global-commons-870_0 Courtesy: Global Environment Facility
15 August 2018

India in the Global Commons

Since Independence, India has been consumed by its domestic priorities. Now, with increasing integration with the world and a huge stake in global stability, it is time to focus on the global commons. India has a seat on the hightable to design and shape the rules for the governance of the global commons. In this special Independence Day Briefing, Gateway House examines India’s engagement with four global commons – technology, outer space, cyber and the oceans – and makes recommendations on how best they can be governed for our collective future.

GH_Carbon-Emissions-1970-2015 Courtesy: Gateway House
24 November 2016

Carbon emissions: from intention to action

November was a significant month for climate change negotiations: the Paris Agreement of 2015 came into effect, and at this year’s COP22, heads of state reaffirmed their commitment to a plan of action. Gateway House traces the history of climate change negotiations and CO2 emission trends over the last four and a half decades.

ONGC-kqh--621x414@LiveMint Courtesy: Livemint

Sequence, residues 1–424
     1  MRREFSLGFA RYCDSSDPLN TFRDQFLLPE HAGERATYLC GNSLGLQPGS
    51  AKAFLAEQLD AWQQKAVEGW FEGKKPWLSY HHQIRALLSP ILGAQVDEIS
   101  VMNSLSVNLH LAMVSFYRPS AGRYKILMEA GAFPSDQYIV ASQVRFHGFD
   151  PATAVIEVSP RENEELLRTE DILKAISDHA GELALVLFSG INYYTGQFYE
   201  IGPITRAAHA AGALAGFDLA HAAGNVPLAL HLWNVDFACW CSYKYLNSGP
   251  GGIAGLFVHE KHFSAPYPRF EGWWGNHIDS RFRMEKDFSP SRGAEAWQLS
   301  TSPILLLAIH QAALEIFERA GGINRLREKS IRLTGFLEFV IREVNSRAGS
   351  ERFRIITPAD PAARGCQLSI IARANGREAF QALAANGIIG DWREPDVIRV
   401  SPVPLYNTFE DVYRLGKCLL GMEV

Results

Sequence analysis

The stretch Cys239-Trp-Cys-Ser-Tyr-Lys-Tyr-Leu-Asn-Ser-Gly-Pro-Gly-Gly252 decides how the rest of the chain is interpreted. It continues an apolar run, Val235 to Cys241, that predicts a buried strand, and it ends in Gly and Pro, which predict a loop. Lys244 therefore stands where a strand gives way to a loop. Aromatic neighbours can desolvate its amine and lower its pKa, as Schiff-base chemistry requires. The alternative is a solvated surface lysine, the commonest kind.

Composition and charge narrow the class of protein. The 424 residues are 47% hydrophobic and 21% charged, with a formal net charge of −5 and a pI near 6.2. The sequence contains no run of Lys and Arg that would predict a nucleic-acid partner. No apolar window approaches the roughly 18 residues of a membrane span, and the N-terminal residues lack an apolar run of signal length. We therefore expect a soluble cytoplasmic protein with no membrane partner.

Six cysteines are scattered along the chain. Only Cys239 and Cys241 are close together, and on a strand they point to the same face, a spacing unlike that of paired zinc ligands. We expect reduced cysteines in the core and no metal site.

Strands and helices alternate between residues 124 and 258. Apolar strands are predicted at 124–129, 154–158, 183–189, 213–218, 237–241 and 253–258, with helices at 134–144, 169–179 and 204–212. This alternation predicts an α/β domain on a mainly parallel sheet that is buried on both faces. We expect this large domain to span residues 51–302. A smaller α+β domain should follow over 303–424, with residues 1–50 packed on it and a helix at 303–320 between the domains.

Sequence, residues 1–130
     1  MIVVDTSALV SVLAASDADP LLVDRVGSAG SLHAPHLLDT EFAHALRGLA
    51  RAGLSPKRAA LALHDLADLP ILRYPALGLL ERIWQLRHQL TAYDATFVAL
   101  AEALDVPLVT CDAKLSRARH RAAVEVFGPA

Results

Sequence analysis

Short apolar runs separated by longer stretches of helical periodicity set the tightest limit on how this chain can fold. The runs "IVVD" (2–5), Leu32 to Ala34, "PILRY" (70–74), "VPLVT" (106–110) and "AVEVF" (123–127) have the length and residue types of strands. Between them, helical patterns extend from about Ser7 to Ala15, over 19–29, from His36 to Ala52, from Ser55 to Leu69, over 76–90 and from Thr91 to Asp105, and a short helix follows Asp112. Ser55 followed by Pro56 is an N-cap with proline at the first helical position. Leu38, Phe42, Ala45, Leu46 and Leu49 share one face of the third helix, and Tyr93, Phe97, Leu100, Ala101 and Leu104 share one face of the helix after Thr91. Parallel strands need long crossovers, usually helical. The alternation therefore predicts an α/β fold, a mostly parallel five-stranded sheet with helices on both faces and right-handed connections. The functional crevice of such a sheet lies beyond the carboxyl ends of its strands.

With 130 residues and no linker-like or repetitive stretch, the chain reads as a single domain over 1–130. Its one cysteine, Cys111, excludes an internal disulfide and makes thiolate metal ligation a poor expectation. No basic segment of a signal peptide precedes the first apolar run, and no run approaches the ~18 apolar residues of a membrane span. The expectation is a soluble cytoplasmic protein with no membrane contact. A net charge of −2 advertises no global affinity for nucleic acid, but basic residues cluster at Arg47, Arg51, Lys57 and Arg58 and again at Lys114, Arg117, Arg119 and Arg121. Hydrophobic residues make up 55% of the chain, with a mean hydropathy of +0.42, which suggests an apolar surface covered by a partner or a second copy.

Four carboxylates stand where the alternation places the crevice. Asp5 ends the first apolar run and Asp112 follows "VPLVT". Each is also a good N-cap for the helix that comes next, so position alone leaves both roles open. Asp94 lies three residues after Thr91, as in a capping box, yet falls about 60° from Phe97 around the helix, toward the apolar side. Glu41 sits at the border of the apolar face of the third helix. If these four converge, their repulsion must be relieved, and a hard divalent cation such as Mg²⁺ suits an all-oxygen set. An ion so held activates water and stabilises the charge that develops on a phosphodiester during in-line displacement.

4 August 2016

Securing oil: buy now, hold exploration

The fall in oil prices means it is now cheaper for ONGC to acquire discovered oil fields than to explore on its own. To profit from the changed dynamic, India needs to go big on a ‘buy’ strategy.

Khurshid in Iraq Courtesy: MEAphotogallery/ Flickr
28 June 2013

India finally reconnects with Iraq

In 2012, Iraq emerged as India’s second largest crude oil supplier thereby shifting focus back on bilateral relations. However, India’s historical and cultural connection with Iraq, as well as common geopolitical concerns, reveal that relations have the potential to go beyond oil

Courtesy: Tas50/WikimediaCommons
27 December 2012

Who will control the Antarctic?

In the past few years, the political map of Antarctica, a region rich in mineral-fuel resources, has changed immensely. How can the ongoing geopolitical polarization in this region have unfavourable global effects in the long run?

UN Photo Marco Castro_210x140 Courtesy: UNPhoto/MarcoDormino
12 April 2011

New trends in the management of upheaval

A new United Nations doctrine is revolutionising the manner in which Western powers achieve regime change. Under the pretext of “Responsibility to Protect” –as the doctrine is named –armed intervention does not depend on the aspirations of a populace but the facilitation of existing power equations